2. Absolute Activist. After Morrison, but while the instant appeal was pending, this Court decided Absolute Activist. That appeal required us to "determine under what circumstances the purchase or sale of a security that is not listed on a domestic exchange should be considered 'domestic' within the meaning of Morrison." Absolute Activist, 677 F.3d at 66-67. The plaintiffs, nine Cayman Islands-based hedge funds, bought shares in companies incorporated in the United States, whose shares traded only over-the-counter, directly from those companies. Id. at 63. The district court dismissed the complaint on the grounds that the allegations, including the foreign identity of the purchasers, did not state a domestic claim in light of Morrison. Id. at 65.
On appeal, we concluded that "a securities transaction is domestic when the parties incur irrevocable liability to carry out the transaction within the United States or when title is passed within the United States." Id. at 69. Therefore,
in order to adequately allege the existence of a domestic transaction [under Morrison], it is sufficient for a plaintiff to allege facts leading to the plausible inference that the parties incurred irrevocable liability within the United States: that is, that the purchaser incurred irrevocable liability within the United States to take and pay for a security, or that the seller incurred irrevocable liability within the United States to deliver a security.
Id. at 68. Alternatively, we held that "it is sufficient for the plaintiff to allege that title to the shares was transferred within the United States." Id. (citing and quoting Quail Cruises Ship Mgmt. Ltd. v. Agencia de Viagens CVC Tur Limitada, 645 F.3d 1307, 1310-11 (11th Cir. 2011)).
Because the complaint in Absolute Activist contained only conclusory allegations as to where liability became irrevocable or title changed hands, we remanded with instructions to the district court to allow the plaintiffs leave to amend. Id. at 69-71.
In reaching these conclusions, we rejected the plaintiffs' argument that "the identity of the securities should be used to determine whether a securities transaction is domestic and that where, as in th[at] case, the securities [were] issued by United States companies and [were] registered with the SEC, the transactions [were] domestic within the meaning of Morrison." Id. at 68. That argument was "belied by the wording of the test announced in Morrison" because "[t]he second prong of that test refers to 'domestic transactions in other securities,' not 'transactions in domestic securities' or 'transactions in securities that are registered with the SEC.'" Id. at 68-69 (citation omitted). We could not therefore "conclude that the identity of the security necessarily has any bearing on whether a purchase or sale is domestic within the meaning of Morrison." Id. at 69.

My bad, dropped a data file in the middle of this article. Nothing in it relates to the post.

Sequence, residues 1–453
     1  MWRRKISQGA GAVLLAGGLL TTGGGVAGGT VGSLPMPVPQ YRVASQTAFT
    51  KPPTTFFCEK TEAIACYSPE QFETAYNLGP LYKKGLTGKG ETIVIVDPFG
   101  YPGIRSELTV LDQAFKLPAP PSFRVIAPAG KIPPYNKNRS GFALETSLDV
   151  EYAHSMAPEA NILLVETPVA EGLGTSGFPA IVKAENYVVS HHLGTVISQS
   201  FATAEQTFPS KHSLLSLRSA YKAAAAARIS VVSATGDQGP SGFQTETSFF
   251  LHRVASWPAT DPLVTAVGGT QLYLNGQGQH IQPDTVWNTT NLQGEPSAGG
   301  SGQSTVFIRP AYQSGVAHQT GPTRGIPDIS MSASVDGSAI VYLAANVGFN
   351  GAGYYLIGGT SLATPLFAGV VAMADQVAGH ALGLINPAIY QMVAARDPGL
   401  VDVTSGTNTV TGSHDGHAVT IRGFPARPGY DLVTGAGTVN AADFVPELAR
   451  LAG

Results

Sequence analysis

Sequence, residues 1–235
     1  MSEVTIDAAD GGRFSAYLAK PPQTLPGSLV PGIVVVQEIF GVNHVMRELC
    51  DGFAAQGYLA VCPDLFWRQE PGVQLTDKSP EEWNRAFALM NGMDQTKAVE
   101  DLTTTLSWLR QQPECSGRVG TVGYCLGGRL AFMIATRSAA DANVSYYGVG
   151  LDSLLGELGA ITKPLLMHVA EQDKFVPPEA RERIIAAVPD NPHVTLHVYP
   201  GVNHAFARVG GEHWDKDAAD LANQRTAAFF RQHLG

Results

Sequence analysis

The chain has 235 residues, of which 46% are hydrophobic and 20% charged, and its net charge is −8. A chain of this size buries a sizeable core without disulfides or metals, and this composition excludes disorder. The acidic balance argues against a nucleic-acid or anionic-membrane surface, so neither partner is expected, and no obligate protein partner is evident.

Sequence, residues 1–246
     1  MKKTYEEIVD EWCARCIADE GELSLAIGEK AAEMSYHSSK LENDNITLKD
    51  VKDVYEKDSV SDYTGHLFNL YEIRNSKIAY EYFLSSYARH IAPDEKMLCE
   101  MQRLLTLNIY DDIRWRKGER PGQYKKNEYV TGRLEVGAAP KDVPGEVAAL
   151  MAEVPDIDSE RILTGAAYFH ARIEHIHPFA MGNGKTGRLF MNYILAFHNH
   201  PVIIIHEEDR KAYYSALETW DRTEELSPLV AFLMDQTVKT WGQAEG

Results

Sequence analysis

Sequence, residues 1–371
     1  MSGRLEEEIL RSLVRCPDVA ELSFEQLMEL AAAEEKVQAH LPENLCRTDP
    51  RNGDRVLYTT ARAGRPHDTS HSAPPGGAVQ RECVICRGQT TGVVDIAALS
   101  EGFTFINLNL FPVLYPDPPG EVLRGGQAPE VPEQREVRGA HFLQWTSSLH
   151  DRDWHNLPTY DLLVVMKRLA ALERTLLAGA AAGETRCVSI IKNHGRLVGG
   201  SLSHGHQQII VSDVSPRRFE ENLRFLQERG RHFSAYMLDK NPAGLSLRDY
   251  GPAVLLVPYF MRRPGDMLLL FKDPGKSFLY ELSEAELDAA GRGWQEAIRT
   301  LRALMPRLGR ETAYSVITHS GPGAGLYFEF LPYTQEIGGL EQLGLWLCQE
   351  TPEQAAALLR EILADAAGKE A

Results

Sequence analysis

We also rejected proposed tests that would have looked to the identity of the buyer and seller, the identity of the broker, or whether, in addition to a domestic transaction, some fraudulent acts occurred in the United States, reasoning that "the transactional test announced in Morrison does not require that each defendant alleged to be involved in a fraudulent scheme engage in conduct in the United States." Id. at 68-69.
As a matter of first principles, the Supreme Court has said that it is "acutely aware . . . that [it] sit[s] to decide concrete cases and not abstract propositions of law" and has therefore "decline[d] to lay down . . . broad rule[s] . . . to govern all conceivable future questions in [an] area." Upjohn Co. v. United States, 449 U.S. 383, 386 (1981); see also New York v. United States, 326 U.S. 572, 575 (1946) ("One of the greatest sources of strength of our law is that it adjudicates concrete cases and does not pronounce principles in the abstract."); United States v. Blackburn, 461 F.3d 259, 262 n.2 (2d Cir. 2006) (stating that we are "empowered to decide concrete cases and not abstract principles"). One of the principal "distinction[s] between courts and legislatures [is that] the former usually act retrospectively, settling disputes between persons, [while] the latter usually act prospectively, setting the general rules for future conduct." Simmons v. Lockhart, 931 F.2d 1226, 1230 (8th Cir. 1991).
We are of course bound by Morrison and Absolute Activist in determining whether § 10(b), and Rule 10b-5 promulgated by the Securities and Exchange Commission pursuant thereto, applies to the defendants' alleged conduct. We must proceed cautiously in applying teachings the Morrison Court developed in a case involving conventional purchases and sales of stock to derivative securities, like securities-based swap agreements, that vest parties with rights to payments based on changes in the value of a stock.
A question of potentially determinative importance for this case is whether, under Morrison, a domestic transaction in a security (or a transaction in a domestically listed security)--in addition to being a necessary element of a domestic § 10(b) claim--is also sufficient to make a particular invocation of § 10(b) appropriately domestic. If a domestic transaction in a security is not only necessary but also sufficient to justify the application of § 10(b) to otherwise foreign facts, and the plaintiffs' securities-based swap agreements (which we assume for these purposes were executed and performed in the United States) are deemed domestic transactions under Absolute Activist, then all other questions would drop away. The mere fact that the plaintiffs based their suit on a domestic transaction would make § 10(b) applicable to allegedly fraudulent conduct anywhere in the world. In such a case, these complaints would properly invoke a domestic application of § 10(b).